First, LA drove 71 yards and, following a Waterfield pass to Smith that covered 38 yards, relied on their power-running game as Hoerner carried the ball seven straight times, starting from the Cleveland 17 and ending with a one-yard scoring blast on fourth down. On the next play from scrimmage by the Browns, Motley fumbled and DE Larry Brink picked up the ball and ran six yards for a touchdown. It was 28-20 heading into the fourth quarter – and the failed extra point attempt seemed especially significant.
Cleveland’s comeback began with a big defensive play as DB Warren Lahr picked off a Waterfield pass five minutes into the final period. The Browns converted two fourth downs, with Graham passing for seven yards on fourth-and-four and running for a first down on fourth-and-three until, on the eighth play of the series, HB Rex Bumgardner made a diving catch that landed him just inside the end zone for a 14-yard TD. With another successful PAT, it was now a one-point game at 28-27.
Following a short possession by the Rams, Cleveland had the ball once more with three minutes left on the clock. It seemed as though the Browns would score again as they advanced inside the LA 30. But as Graham took off out of the pocket, he was blindsided by LB Milan Lazetich and fumbled. Lazetich recovered and it appeared that Los Angeles would prevail – if they could run out the clock.
Hoerner was twice stopped for no gain and then Davis ran for six yards off tackle, forcing the Rams to punt. Waterfield launched a 51-yard kick that DB Cliff Lewis returned to the Cleveland 32. Graham and the offense returned to the field with about 1:50 to work with. Forced out of the pocket on the first play, Graham ran 14 yards for another first down. Throwing sideline passes, he hit Bumgardner for 15 yards and Jones for 16 to the LA 23. Another throw to Bumgardner put the ball at the 11 yard line – easy field goal range for Groza.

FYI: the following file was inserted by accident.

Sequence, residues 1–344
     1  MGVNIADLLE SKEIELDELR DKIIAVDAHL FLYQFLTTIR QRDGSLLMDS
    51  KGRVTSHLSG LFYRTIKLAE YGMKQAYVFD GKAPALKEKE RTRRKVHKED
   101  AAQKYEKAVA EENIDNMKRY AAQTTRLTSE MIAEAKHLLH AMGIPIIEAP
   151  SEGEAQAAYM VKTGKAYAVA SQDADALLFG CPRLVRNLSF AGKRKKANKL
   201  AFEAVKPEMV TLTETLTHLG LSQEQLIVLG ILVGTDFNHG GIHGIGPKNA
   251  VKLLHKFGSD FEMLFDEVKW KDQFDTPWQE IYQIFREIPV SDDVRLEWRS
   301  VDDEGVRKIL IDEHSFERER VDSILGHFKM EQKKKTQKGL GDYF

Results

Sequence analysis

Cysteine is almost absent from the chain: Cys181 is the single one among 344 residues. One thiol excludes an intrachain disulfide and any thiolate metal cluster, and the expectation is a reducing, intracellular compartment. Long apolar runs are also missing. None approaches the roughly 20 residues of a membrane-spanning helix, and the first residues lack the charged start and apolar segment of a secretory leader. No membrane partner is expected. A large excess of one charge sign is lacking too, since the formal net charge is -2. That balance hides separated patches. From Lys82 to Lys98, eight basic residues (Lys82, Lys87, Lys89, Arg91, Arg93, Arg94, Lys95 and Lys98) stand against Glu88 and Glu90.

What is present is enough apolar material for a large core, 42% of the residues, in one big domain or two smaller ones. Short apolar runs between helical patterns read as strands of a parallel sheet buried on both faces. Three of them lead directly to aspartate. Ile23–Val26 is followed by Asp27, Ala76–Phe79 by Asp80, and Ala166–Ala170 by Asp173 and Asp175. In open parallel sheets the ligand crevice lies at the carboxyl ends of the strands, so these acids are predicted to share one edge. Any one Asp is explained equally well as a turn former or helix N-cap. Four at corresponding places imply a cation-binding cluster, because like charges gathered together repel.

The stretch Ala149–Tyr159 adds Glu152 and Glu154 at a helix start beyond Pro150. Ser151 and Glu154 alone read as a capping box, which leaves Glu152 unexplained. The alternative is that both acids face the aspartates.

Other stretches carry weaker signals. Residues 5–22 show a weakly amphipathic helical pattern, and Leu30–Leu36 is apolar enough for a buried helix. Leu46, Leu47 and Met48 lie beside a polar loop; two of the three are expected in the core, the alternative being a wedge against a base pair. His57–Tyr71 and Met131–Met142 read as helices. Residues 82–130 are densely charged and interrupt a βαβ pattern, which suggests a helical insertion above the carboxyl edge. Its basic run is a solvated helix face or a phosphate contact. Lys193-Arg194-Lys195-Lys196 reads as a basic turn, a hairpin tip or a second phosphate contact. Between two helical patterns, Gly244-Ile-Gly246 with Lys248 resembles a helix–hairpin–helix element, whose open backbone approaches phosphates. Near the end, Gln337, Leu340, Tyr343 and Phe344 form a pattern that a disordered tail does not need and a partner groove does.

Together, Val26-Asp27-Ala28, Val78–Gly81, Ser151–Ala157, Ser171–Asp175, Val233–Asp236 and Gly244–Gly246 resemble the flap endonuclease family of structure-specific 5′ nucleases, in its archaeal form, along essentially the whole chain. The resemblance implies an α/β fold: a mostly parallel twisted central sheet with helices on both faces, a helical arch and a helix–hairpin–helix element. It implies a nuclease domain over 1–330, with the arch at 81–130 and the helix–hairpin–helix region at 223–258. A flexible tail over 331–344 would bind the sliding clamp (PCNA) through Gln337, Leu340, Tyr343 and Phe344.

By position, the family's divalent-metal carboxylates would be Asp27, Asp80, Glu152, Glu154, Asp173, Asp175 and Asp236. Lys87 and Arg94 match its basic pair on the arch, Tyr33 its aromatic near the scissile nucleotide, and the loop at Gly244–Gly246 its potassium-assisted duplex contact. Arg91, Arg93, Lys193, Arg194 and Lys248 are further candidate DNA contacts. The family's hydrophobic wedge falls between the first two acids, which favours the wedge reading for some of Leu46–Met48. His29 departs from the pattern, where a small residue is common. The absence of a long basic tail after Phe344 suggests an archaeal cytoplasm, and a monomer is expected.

Graham called time out and, with the ball on the left hashmark, the quarterback carried for a yard toward the center of the field to better line up the three-point attempt. Groza’s kick was perfect from 16 yards, and for only the second time in the game Cleveland was ahead.
There were still 20 seconds left as the Browns kicked off one last time. HB Jerry Williams returned it to the LA 47. With time for one last desperation play, Coach Stydahar sent Van Brocklin out on the field, with his stronger throwing arm. The second-year quarterback threw the ball as far as he could, but Lahr intercepted at the Cleveland five yard line. The Browns, four-time champions of the AAFC, were now NFL champs by a score of 30-28.
While both teams generated 22 first downs apiece, the Rams outgained Cleveland by 407 yards to 373. However, LA also turned the ball over five times (all on interceptions), to four by the Browns (three fumbles and an interception).
Otto Graham completed 22 of 33 passes for 298 yards with four touchdowns and an interception and also ran for 99 yards on 12 carries. Dante Lavelli caught 11 passes for 128 yards and two TDs. Marion Motley was held to just nine yards on six attempts, however – in fact, aside from Graham, the Browns gained a mere 15 yards on 13 rushing attempts. Halfbacks like Dub Jones (4 catches, 80 yards, 1 TD) and Rex Bumgardner (4 catches, 46 yards, 1 TD) were more effective as receivers out of the backfield.
For the Rams, Bob Waterfield went to the air 31 times and completed 18 for 312 yards but with four picked off as opposed to one for a touchdown. Tom Fears had 9 receptions for 136 yards while the ex-Heisman Trophy winner from Army, Glenn Davis, gained 82 yards on just two catches thanks to the long scoring reception to start the game. Dick Hoerner (pictured below) ran for 86 yards on 24 carries that included two scores.
Both Paul Brown and NFL Commissioner Bert Bell pronounced that it was the greatest game they had ever seen, and indeed it was an intensely played contest between two outstanding clubs that featured the passing game – in particular, the precision aerial attack of the Browns based on short throws to the sidelines.
The Browns appeared in the next five title games, although their winning streak in such contests ended in 1951 when they lost a rematch with the Rams.